Background. Solid organ transplantation is the preferred treatment for patients with end-stage organ failure. Although much progress has been made over the past decade, some patients still require early readmission after their initial hospital discharge. Early hospital readmission is an important metric for health care quality. It is often measured in nontransplant medical and surgical conditions but has only recently been applied to organ transplantation.Methods.We performed a structured MEDLINE search to retrieve, review, and summarize original studies on the incidence, risk factors, outcomes, and prevention of early hospital readmissions after kidney, liver, and kidney-pancreas transplantation. Early hospital readmission was defined as readmission to hospital within 30 days of discharge from the transplant hospitalization. Results. The risk of early readmission varies by organ type, (highest in liver transplants and lowest in kidney transplants). Causes for early hospital readmission are most commonly due to surgical, immunologic, or infectious complications. Risk factors associated with early hospital readmission often reflect pretransplant comorbidity, andmany of these factors may not be modifiable. Early hospital readmission is also associated with decreased graft and patient survival.Conclusions. Early hospital readmission after transplantation is common and associated with adverse outcomes. The potential for preventing early hospital readmissions and the impact on patient outcomes remain unclear. Current evidence suggests that some, but not all, early hospital readmissions after transplantation may be prevented. © 2016 Wolters Kluwer Health, Inc. All rights reserved.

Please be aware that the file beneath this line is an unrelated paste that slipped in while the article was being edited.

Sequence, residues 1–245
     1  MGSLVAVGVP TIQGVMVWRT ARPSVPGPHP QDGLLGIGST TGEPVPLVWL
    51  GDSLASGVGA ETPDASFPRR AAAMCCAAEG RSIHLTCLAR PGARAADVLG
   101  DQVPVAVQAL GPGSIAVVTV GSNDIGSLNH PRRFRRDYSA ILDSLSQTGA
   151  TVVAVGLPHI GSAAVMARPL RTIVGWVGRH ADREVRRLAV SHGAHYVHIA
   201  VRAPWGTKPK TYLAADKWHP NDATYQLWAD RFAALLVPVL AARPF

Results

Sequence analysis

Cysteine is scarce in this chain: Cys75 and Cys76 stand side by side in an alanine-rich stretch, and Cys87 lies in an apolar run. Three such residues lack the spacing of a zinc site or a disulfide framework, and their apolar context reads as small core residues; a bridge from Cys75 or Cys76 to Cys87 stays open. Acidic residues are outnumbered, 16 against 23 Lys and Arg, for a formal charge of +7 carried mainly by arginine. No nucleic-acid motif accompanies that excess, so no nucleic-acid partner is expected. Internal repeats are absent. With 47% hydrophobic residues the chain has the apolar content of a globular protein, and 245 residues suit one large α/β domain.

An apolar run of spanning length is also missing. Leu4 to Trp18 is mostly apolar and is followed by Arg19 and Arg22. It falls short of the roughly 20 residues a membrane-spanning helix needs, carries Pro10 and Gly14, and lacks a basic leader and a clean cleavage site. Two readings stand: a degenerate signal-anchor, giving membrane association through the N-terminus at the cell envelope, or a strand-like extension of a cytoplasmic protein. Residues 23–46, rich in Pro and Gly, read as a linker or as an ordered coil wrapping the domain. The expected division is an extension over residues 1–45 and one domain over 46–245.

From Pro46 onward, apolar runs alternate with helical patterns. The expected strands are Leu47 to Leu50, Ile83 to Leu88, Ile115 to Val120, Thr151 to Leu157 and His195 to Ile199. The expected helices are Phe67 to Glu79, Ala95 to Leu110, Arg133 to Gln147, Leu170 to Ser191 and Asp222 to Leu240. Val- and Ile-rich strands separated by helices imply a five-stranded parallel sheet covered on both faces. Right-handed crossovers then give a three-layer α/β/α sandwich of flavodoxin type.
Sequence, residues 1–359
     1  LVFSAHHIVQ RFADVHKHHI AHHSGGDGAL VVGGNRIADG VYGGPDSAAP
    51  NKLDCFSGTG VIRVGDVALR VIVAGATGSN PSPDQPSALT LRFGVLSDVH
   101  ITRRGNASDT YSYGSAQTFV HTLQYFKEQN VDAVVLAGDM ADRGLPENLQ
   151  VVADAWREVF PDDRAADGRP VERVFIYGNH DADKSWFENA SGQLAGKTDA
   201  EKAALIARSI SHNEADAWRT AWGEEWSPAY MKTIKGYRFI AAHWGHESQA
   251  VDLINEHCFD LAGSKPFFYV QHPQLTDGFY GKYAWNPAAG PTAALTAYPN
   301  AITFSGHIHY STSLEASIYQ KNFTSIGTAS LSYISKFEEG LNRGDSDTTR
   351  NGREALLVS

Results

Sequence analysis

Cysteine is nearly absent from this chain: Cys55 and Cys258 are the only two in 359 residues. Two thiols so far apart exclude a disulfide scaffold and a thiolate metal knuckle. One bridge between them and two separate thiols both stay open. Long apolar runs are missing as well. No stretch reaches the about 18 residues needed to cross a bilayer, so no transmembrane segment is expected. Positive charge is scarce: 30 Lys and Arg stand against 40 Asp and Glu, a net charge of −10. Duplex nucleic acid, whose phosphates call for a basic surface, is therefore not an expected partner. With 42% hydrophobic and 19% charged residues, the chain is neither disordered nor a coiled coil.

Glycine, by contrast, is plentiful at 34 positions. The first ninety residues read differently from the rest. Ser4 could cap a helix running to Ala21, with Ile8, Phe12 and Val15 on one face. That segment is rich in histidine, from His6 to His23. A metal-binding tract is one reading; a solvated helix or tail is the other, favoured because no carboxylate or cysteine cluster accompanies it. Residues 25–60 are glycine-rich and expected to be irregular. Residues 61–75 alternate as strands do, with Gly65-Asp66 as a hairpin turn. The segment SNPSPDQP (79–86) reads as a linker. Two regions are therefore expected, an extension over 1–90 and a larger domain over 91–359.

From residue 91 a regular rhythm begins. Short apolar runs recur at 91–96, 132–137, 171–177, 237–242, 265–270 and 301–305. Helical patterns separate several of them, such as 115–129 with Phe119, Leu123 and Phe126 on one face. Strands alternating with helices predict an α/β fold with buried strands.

Fleet J.L.,University of Western Ontario | Fleet J.L.,Institute for Clinical Evaluative SciencesON | Weir M.A.,University of Western Ontario | McArthur E.,Institute for Clinical Evaluative SciencesON | And 8 more authors.
American Journal of Kidney Diseases | Year: 2014